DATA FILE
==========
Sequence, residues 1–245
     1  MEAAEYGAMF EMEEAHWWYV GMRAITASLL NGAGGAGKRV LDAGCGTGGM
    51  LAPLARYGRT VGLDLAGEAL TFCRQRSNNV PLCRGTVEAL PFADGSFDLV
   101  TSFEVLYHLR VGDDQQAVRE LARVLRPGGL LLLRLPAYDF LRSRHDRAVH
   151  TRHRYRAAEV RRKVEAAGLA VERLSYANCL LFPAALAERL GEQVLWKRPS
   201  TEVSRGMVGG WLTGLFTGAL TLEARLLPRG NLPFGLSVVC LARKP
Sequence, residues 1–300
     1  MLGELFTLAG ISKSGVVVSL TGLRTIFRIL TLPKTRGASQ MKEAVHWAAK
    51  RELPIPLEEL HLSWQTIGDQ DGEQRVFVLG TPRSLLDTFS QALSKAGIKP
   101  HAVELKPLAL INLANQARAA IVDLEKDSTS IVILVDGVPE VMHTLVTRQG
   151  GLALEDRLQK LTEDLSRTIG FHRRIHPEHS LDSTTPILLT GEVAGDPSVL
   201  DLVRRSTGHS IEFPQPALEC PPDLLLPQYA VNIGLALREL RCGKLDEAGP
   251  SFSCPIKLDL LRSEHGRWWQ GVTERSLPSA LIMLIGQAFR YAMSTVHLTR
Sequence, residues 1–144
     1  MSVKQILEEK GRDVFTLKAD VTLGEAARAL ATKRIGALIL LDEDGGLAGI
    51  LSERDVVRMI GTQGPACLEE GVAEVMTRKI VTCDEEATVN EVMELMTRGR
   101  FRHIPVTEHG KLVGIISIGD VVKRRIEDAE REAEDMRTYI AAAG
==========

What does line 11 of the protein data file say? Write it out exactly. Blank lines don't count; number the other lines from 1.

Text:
   151  GLALEDRLQK LTEDLSRTIG FHRRIHPEHS LDSTTPILLT GEVAGDPSVL